Anthropology, Carol is an expert in her field on the African and Pacific Islands. She was awarded fellowships based on her Pacific research at the Smithsonian Institute and the Sainsbury Research Centre.
Along with teaching courses at the University of British Columbia (UBC), the University of Victoria, and the Emily Carr University of Art and Design, Dr. Mayer has served on various museum councils, been a jury member for numerous granting agencies, is an expert examiner for the Cultural Property Review Board and is a reviewer and editor for several publications. Holding degrees from UBC, Cambridge University, and the university of Leicester, she has delivered papers at several conferences and been published widely on topics relating to museum practice.
Dr. Mayer also publishes exhibition catalogues, articles and books on various areas of material culture. Her most recent book (2013) tells the story of an important reconciliation ceremony on the Island of Erromango, Vanuatu. Her involvement in this ceremony earned her the 30th Anniversary of Independence medal for her cultural contributions to the Republic of Vanuatu.
She has recently completed a chapter for a book on missionaries in the Pacific and is working on a book about the Museum of Anthropology (MOA)’s founding collection from the Pacific Islands. She currently serves as the vice president of the North American chapter of the Pacific Arts Association.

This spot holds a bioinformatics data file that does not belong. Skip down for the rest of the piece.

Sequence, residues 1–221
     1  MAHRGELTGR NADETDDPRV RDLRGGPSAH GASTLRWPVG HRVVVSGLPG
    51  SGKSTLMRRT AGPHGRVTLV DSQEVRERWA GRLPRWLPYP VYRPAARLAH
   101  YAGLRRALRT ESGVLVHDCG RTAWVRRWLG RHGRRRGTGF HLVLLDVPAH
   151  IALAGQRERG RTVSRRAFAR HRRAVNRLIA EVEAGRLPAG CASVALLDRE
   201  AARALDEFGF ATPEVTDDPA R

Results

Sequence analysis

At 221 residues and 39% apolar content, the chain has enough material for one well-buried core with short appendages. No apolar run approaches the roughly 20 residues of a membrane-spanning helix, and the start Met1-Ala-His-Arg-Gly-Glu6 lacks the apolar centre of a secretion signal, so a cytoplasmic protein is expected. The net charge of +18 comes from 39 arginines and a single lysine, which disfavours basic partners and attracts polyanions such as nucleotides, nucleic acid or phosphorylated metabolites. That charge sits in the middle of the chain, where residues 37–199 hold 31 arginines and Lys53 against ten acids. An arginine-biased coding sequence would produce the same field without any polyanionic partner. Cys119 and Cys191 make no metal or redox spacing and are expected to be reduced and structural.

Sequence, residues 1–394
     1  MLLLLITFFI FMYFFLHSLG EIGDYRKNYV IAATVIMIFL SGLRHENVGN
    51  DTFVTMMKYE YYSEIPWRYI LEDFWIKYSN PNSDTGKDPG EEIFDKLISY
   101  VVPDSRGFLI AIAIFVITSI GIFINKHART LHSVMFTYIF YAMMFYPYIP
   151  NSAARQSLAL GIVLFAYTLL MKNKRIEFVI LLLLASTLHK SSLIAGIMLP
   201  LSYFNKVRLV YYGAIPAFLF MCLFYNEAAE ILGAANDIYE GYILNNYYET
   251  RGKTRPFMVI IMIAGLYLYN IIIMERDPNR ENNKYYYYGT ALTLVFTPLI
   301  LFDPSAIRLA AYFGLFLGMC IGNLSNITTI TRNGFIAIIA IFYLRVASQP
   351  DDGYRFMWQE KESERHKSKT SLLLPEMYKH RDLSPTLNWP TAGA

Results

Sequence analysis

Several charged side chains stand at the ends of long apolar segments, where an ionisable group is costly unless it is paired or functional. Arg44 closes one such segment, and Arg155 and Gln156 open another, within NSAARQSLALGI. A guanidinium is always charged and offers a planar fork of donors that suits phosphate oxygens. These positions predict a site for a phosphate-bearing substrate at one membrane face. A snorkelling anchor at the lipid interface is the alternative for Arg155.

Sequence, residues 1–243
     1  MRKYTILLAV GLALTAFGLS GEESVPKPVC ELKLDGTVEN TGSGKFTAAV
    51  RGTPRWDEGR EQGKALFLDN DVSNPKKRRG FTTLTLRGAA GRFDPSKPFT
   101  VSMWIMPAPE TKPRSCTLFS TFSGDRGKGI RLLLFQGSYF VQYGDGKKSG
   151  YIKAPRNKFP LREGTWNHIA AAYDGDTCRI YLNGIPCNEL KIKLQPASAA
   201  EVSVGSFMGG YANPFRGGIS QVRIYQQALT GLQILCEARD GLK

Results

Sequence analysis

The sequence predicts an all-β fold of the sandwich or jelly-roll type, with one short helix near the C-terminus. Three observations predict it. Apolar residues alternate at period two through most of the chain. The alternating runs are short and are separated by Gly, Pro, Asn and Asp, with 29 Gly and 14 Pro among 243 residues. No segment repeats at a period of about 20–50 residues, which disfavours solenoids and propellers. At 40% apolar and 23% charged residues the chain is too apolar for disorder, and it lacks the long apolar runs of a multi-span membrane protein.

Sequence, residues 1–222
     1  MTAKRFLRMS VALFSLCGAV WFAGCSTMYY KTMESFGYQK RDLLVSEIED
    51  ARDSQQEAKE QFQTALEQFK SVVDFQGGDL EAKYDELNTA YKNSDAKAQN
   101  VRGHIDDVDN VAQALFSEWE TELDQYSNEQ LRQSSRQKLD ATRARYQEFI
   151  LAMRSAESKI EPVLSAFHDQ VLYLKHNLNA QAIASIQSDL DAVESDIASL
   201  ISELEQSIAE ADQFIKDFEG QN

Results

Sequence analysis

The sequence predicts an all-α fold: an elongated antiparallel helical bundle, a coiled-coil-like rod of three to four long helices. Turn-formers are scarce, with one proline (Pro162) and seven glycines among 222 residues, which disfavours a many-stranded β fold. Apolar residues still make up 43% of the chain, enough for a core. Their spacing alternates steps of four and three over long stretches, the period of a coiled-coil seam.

Originally from Huntington Beach, California, Paul relocated to Victoria, BC in 2009. Paul is a natural innovator and problem solver with a strong business sense and foresight. A former business owner, who has led multiple employees at his three retail locations, Paul combines his knowledge of the local real estate market with his international background in manufacturing, distribution and retail to offer his foreign clients/investors the detailed service they’re accustomed to.
As an active member of the South Pacific community on southern Vancouver Island, Paul is the proud sponsor of the South Seas 7‘s Rugby Club. He currently coaches son Karras’ in his U5 Soccer Team. Paul has served on the New Member Advisory Group of the Victoria Real Estate Board and has sat on the Strata Council of many of his properties since 2010. Paul has also been a staunch supporter of The Salvation Army-Victoria since 2012.
Michele is First Nations, born in Alert Bay, BC of Kwakwaka‘wakw ancestry and a member of the ‘Namgis First Nation with ties to Kingcome Inlet, Turnour Island, Village Island, and Fort Rupert. She is currently employed as a Facilitator with PHSA’s San’yas Indigenous Cultural Safety Program. Michele also works as a private consultant for Indigenous related contracts and provides training for local companies and government organizations. Previous to this, Michele was employed with Vancouver Island Health Authority (VIHA) as the Cultural Safety Coordinator and designed and delivered the Cultural Safety training program for the entire health authority.
While employed with VIHA, Michele taught as an Instructor with Camosun College in Indigenous Education and Health & Human Services, where she was employed since 2008. Michele has also worked as a Social Worker in Aboriginal community and organizations, in delegated Child and Family Services and with Provincial services for the Ministry for Children and Family Development. Michele says community connections are extremely important and is always mindful of why we do the work we do as we advocate for change, Aboriginal representation and leadership.